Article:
The story of the Indian brotherhood gets rave reviews at Cannes

Aseem Chhabra, Cannes,film writer

BBC Payal Kapadia's new film, All We Imagine As Light.  Payal Kapadia's new film, All We Imagine As

Kapadia’s film follows two women navigating their careers and love in Mumbai

Indian filmmaker Payal Kapadia’s new film begins with street scenes in contemporary Mumbai.

But All We Imagine as Light does not show us the rich and select Mumbai of Bollywood stars and billionaire industrialists. Instead, the filmmaker overlays the street images with voices of real immigrants from Mumbai who are the heart of the city.

This is Kapadia’s first narrative feature film and it premiered Thursday night in the main competition section of the Cannes Film Festival. The film received an eight-minute ovation.

It is a significant achievement for the filmmaker and also for India. This is the first time in 30 years that an Indian film is presented in the main competition section of Cannes. Kapadia, 38, shares the spotlight and the chance to win one of the festival’s prestigious awards with artists such as Francis Ford Coppola, Yorgos Lanthimos, Ali Abbasi, Jacques Audiard and Jia Zhangke.

Payal Kapadia's new film, All We Imagine As Light

All We Imagine as Light is the first Indian film to screen in official competition at Cannes in 30 years.

Over the last four decades, Indian films have done quite well on the global festival circuit.

Mira Nair’s Salaam Bombay won the Camera d’Or at the 1988 Cannes Film Festival. A few days before the 9/11 terrorist attacks, Nair’s 2001 classic Monsoon Wedding won the Golden Lion at the Festival. of Venice Cinema.

Director Ritesh Batra’s celebrated 2013 film The Lunchbox won the Grand Golden Rail award at Cannes. And earlier this year, director Shuchi Talati’s Girls Will Be Girls received the Grand Jury and Audience Awards at the Sundance Film Festival.

But the prospect of receiving the Palme d’Or or one of the other key Cannes prizes has so far eluded India, the world’s largest film-producing country. This year, thanks to Kapadia’s moving and beautifully made film, India has a very good chance of winning.

The reviews have already been full of high praise. The Guardian in its five-star review describes it as “glorious… an absorbing story full of humanity.” The critic places the film on par with Satyajit Ray’s Mahanagar (The Big City) and Aranyer Din Ratri (Days and Nights in the Forest). And IndieWire in its A review says that Kapadia’s drama gives Mumbai a romantic look, as reflected in the way “people occupy their space…whether alone or sharing.”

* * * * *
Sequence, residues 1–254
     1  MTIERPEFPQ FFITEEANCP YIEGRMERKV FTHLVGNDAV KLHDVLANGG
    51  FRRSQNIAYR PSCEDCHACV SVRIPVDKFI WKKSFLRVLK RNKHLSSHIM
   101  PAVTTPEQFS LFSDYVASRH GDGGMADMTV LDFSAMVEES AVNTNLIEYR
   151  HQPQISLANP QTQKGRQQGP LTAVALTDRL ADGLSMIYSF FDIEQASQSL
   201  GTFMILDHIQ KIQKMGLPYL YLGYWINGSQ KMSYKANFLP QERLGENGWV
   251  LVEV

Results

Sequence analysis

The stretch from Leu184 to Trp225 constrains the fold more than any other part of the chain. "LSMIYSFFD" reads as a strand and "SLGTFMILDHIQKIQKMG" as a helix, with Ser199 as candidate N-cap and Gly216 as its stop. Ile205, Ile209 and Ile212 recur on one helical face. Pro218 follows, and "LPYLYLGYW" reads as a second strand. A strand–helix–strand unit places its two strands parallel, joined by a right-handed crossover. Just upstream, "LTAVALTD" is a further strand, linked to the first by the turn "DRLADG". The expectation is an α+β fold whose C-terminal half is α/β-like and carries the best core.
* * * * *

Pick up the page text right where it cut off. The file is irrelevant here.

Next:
Payal Kapadia's new film, All We Imagine As Light.  Payal Kapadia's new film, All We Imagine As Light.

Reviews have been full of praise: The Guardian calls it “an absorbing story full of humanity.”

Daughter of the well-known Indian artist Nalini Malani, Kapadia knows Mumbai, a multicultural and diverse city, very well.

“It’s also a place where women find it a little easier to work compared to many other places in the country,” Kapadia says.

“I wanted to make a film about women who leave their homes to go work somewhere else.”

In All We Know as Light, Kapadia follows the lives and struggles of two Indian nurses from the southern state of Kerala who work in a hospital and live together in a small, congested apartment in Mumbai.

A nurse, Prabha (Kani Kusruti, who played a supporting role in Girls Will Be Girls), is married. Her husband now works in Germany and barely communicates with her. But suddenly she receives a surprise gift from her husband: a rice cooker. She hugs the machine, as if it were the last sign of love in her marriage.

Payal Kapadia's new film, All We Imagine As Light

All We Imagine As Light is one of four directed by a woman in the Cannes competition section

The second nurse, Anu (Divya Prabha), is more adventurous and has a secret romance with a young Muslim Shiaz (a charming young actor, Hridhu Haroon) who is also from Kerala.

Anu is Hindu and her family would not approve of her relationship with Shiaz.

Mumbai’s congested environment, with 22 million people clamoring for space and its harsh monsoon season, does not allow Anu and Shiaz any privacy.

But suddenly, a third nurse at their hospital, Parvaty (Chhaya Kadam, appearing in two films at Cannes this year), decides to leave the city, forced to do so by the redevelopment of a poor neighborhood for the city’s rich.

Will this be the opportunity to change the course of these characters’ lives?

Payal Kapadia's new film, All We Imagine As Light

All We Imagine As Light is a story of the real immigrants of Mumbai who make the heart of the city beat.

The politics of negotiating space is no different from the student struggles that Kapadia captured in his latest film: a documentary titled A Night Without Knowing Anything.

The film premiered in the parallel section of the Directors’ Fortnight at the Cannes Film Festival in 2022. It won the L’Œil d’or “Golden Eye”, the festival’s highest documentary award.

A night of knowing nothing followed the 2015 student strike at the prestigious government-run Film and Television Institute of India. Kapadia was part of the strike and eventually graduated from the institute with a degree in directing in 2018.

In a 2022 interview, he described the documentary as a “love letter to public universities and what they represent: a place where ideally people from all strata of society can be together and enjoy freedom, both intellectual and physical.” .

A similar sentiment resonates throughout All We Imagine as Light.

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